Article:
Industry players, such as Microsoft, have arrived in Hong Kong this week for Qualcomm’s 4G/5G Summit, an annual event to strategize and discuss trends and technology developments.
One of the topics of surefire interest revolves around Microsoft’s upcoming ARM-powered Windows 10 laptop. In a glimpse into its battery life potential, Microsoft’s Principal Group Program Manager for Connectivity Partners, Pete Bernard, told Trusted Reviews that he only needs to “charge it every couple of days or so.”
Having multi-day battery life on a real, full-featured laptop would indeed, as Bernard puts it, be a game-changing innovation. Yet, when you consider how much better Apple’s custom-designed silicon is compared to Qualcomm’s Snapdragon chips, the possibilities for an ARM-powered Mac become all the more desirable.
In my opinion, there’s no doubt that Apple has been working on MacBooks powered by A-Series silicon. The company has already begun testing the waters, so to speak, by driving the MacBook Pro Touch Bar using an independent ARM processor.
But producing a MacBook powered by a chip like Apple’s A11 Bionic would be a whole different story. That A11 has already shown via benchmarks to be more than capable of both single and multi-threaded operations, and Apple has only improved its efficiency when it comes to battery life.
Now imagine for a second Apple’s A11, a chip that handily beats several recently-released full-sized laptops, powering a MacBook. Not only would the device have the potential to produce ridiculously long battery life as mentioned by Bernard, but it would also have a lot more juice at its disposal to avoid throttling when necessary.
With Microsoft’s first real foray into ARM-powered laptops (for its lack of usability, the Surface RT doesn’t count), it may very well force Apple’s hand, at least in the area of public opinion, to come up with a machine with similar battery life.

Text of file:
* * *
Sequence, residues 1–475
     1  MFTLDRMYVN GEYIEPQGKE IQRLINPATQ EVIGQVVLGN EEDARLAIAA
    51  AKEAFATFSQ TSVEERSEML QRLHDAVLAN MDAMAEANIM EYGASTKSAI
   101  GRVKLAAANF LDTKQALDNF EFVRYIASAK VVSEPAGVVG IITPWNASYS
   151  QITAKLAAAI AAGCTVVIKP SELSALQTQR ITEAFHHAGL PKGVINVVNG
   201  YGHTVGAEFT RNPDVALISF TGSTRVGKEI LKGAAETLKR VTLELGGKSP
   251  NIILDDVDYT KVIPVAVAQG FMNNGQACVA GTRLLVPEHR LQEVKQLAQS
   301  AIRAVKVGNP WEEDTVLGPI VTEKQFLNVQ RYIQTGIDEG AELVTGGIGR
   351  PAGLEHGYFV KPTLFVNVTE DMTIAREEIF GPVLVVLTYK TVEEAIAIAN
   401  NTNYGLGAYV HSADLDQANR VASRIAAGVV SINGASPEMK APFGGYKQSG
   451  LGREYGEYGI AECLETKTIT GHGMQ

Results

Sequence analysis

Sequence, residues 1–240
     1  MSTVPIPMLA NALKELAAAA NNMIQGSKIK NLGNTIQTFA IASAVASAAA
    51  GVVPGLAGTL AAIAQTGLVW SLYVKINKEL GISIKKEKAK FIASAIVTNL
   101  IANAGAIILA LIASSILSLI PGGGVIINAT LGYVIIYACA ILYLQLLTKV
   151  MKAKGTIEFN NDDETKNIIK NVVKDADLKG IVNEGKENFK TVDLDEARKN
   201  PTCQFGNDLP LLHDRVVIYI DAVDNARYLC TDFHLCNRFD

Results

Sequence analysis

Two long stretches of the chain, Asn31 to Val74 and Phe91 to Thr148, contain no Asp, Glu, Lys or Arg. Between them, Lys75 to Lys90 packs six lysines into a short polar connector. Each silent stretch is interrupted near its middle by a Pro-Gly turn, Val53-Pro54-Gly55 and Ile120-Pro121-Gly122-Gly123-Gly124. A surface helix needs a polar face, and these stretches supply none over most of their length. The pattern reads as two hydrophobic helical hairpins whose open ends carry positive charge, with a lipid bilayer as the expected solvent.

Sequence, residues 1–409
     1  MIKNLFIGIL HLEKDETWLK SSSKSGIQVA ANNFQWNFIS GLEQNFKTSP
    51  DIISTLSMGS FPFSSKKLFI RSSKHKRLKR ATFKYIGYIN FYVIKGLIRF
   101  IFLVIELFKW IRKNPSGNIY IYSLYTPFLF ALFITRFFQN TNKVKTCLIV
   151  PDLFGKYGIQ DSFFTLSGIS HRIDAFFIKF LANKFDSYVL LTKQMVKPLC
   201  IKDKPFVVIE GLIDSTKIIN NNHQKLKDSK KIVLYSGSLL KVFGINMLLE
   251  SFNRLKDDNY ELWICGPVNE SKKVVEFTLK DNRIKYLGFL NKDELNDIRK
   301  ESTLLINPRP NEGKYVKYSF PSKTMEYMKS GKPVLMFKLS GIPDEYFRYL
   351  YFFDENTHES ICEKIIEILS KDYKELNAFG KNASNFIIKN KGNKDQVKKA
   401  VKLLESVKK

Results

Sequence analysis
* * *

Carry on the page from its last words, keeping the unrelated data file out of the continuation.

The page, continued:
As improved as Intel’s low-power silicon has become over the last few years, it’s still a far cry from the power to efficiency ratio presented by ARM CPUs. For example, my iPhone 8 runs absolute circles around my 2017 MacBook. Granted, the MacBook features a larger screen with higher resolution, but it also features a much larger battery. It’s not a complete apples to apples comparison, but it’s close enough.
On that same note, as well as a Snapdragon-powered Microsoft laptop may perform, it’s still a far cry from the type of performance that Apple is getting from its own custom fabrication.
If it ever does decide to test the waters, Apple will release ARM-powered Macs on its own time-table, and won’t be dictated by the activities of its competitors.
Yet, Microsoft is said to be currently testing hundreds of Snapdragon-powered Windows 10 devices. One would imagine that Apple has to be looking at the prototype MacBooks within the confines of its Infinite Loop walls, and is, at the very least, taking the idea more seriously as of late.
What do you think?